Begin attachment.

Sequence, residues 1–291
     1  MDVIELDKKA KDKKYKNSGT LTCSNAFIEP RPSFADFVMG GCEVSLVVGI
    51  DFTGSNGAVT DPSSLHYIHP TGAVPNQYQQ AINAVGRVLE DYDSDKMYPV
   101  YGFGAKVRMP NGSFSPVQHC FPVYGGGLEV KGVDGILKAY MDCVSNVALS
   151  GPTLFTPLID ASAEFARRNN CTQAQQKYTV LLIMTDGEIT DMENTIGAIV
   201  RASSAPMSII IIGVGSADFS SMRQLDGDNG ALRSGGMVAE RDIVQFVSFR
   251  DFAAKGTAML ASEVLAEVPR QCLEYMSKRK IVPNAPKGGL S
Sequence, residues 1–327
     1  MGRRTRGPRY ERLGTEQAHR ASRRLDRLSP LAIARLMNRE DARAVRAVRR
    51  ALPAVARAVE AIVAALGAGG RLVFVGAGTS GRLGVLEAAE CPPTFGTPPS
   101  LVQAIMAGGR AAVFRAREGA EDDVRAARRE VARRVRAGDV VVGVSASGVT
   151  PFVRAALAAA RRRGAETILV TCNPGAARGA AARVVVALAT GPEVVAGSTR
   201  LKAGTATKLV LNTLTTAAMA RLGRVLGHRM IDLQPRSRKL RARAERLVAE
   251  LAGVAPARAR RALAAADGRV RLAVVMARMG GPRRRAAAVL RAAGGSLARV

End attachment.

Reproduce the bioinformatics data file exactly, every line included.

Sequence, residues 1–291
     1  MDVIELDKKA KDKKYKNSGT LTCSNAFIEP RPSFADFVMG GCEVSLVVGI
    51  DFTGSNGAVT DPSSLHYIHP TGAVPNQYQQ AINAVGRVLE DYDSDKMYPV
   101  YGFGAKVRMP NGSFSPVQHC FPVYGGGLEV KGVDGILKAY MDCVSNVALS
   151  GPTLFTPLID ASAEFARRNN CTQAQQKYTV LLIMTDGEIT DMENTIGAIV
   201  RASSAPMSII IIGVGSADFS SMRQLDGDNG ALRSGGMVAE RDIVQFVSFR
   251  DFAAKGTAML ASEVLAEVPR QCLEYMSKRK IVPNAPKGGL S
Sequence, residues 1–327
     1  MGRRTRGPRY ERLGTEQAHR ASRRLDRLSP LAIARLMNRE DARAVRAVRR
    51  ALPAVARAVE AIVAALGAGG RLVFVGAGTS GRLGVLEAAE CPPTFGTPPS
   101  LVQAIMAGGR AAVFRAREGA EDDVRAARRE VARRVRAGDV VVGVSASGVT
   151  PFVRAALAAA RRRGAETILV TCNPGAARGA AARVVVALAT GPEVVAGSTR
   201  LKAGTATKLV LNTLTTAAMA RLGRVLGHRM IDLQPRSRKL RARAERLVAE
   251  LAGVAPARAR RALAAADGRV RLAVVMARMG GPRRRAAAVL RAAGGSLARV